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Title: Columbia Basin Western Skink Inventory & Assessment 2005 Results

Authors: Jakob Dulisse

Year: 2006

Report Abstract
This report summarises an inventory and habitat assessment for the blue-listed western skink (Eumeces skiltonianus) in the south-western portion of the Columbia Basin Fish and Wildlife Compensation Program (CBFWCP) project area in the summers of 2004 and 2005. Western skinks were located at 41 out of 91 sites surveyed. In addition to these surveyed locations, data compiled from other sources confirmed skinks at another 86 locations to make a total of approximately 127 known occupied sites within the CBFWCP program area. The easternmost records were for the Creston valley and skinks were confirmed at many locations northward along Kootenay Lake as far north as Pilot Bay and Ainsworth. Vallican remains the northernmost confirmed western skink location in the Slocan valley but the species may occur at New Denver and Rosebery. Western skinks are relatively common from Syringa Provincal Park, south along the Columbia River valley to the U.S. border and throughout the Pend d’Oreille River valley. At occupied sites, western skinks were the most commonly encountered reptile and they often co-occurred with northern alligator lizards (Elgaria coerulia) and rubber boas (Charina botae). Skinks were located I primarily in low elevation dry forest and mixed grassland habitat. Important habitat components included sites with warm aspects, loose soil substrates, and an abundance of cover objects, such as rocks with nearby grass, shrubs or woody debris. The conservation of skink habitat is especially important considering the patchiness of suitable sites in many areas and the species’ apparent lack of ability to move between habitats. Loss of habitat through development activities and forest ingrowth are probably the two main threats facing the western skink in the study area.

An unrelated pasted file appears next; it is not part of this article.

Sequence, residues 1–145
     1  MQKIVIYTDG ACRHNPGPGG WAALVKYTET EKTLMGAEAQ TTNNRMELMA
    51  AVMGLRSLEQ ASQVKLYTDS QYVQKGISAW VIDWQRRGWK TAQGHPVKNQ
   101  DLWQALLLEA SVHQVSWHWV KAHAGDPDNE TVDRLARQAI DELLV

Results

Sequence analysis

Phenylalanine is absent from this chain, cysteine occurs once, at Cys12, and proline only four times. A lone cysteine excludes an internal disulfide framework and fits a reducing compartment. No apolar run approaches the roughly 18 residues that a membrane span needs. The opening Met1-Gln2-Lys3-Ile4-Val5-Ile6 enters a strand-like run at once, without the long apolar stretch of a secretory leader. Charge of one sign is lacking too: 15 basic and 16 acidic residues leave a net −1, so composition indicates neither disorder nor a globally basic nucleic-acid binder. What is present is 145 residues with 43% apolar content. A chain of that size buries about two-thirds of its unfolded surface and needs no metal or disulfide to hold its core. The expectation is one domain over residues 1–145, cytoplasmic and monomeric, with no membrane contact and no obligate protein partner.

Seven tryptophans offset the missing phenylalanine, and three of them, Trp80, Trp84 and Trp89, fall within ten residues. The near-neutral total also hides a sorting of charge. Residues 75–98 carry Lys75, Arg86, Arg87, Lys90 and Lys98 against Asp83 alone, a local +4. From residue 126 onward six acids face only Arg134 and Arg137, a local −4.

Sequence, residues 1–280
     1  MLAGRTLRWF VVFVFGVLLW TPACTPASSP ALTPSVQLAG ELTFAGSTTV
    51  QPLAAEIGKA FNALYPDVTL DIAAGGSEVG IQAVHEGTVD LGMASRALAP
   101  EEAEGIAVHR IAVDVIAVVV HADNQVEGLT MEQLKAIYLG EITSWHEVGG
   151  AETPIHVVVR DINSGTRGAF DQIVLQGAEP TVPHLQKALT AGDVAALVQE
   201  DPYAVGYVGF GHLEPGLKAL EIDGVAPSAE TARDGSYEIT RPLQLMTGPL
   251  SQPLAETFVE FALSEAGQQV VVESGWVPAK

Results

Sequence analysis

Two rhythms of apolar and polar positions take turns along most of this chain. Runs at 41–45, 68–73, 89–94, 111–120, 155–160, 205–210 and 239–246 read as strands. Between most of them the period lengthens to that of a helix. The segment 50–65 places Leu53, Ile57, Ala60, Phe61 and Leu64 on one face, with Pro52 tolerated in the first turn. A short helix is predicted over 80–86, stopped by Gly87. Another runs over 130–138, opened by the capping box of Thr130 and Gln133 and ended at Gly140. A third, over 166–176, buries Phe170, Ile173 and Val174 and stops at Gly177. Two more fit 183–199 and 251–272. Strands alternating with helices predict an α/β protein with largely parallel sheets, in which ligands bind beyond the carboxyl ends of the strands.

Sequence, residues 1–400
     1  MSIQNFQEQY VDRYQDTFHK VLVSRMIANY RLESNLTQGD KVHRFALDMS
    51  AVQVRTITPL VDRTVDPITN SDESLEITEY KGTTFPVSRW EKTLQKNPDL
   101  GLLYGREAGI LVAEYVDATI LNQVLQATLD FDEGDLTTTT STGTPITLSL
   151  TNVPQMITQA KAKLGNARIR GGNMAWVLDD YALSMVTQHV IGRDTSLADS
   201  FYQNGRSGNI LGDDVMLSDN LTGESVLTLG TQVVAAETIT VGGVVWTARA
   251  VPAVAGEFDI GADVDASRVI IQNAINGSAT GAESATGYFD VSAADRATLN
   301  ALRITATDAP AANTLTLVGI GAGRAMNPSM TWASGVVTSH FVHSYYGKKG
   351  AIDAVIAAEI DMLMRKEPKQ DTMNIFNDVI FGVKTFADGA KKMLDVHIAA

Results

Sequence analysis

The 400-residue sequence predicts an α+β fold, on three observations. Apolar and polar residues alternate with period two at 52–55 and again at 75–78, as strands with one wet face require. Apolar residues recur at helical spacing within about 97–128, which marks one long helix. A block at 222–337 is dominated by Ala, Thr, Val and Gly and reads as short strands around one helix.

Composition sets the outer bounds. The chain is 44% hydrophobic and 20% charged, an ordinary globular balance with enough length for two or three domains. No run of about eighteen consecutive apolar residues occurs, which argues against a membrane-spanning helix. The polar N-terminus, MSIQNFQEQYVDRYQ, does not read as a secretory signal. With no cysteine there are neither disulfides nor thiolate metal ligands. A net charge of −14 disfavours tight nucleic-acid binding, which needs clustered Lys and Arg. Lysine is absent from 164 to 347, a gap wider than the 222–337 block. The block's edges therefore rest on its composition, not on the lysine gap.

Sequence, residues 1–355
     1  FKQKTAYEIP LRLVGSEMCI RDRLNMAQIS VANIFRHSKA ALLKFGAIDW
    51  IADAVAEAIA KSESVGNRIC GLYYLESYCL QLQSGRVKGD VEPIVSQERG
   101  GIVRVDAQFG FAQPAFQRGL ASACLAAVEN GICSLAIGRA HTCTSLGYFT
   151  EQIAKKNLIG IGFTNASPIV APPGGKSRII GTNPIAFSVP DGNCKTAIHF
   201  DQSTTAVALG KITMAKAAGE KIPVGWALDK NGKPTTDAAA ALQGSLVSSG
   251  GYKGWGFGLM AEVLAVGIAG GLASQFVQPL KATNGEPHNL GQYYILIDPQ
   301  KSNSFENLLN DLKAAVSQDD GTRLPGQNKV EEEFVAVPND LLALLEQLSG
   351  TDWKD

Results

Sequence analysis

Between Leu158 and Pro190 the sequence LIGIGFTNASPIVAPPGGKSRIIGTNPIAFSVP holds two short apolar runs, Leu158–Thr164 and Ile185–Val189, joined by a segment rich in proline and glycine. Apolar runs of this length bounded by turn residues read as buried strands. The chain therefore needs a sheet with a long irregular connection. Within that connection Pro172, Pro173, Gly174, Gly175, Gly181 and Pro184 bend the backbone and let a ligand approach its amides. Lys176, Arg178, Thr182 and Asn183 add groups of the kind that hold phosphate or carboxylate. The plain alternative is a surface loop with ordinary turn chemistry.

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Columbia Basin Western Skink Inventory & Assessment 2005 Results

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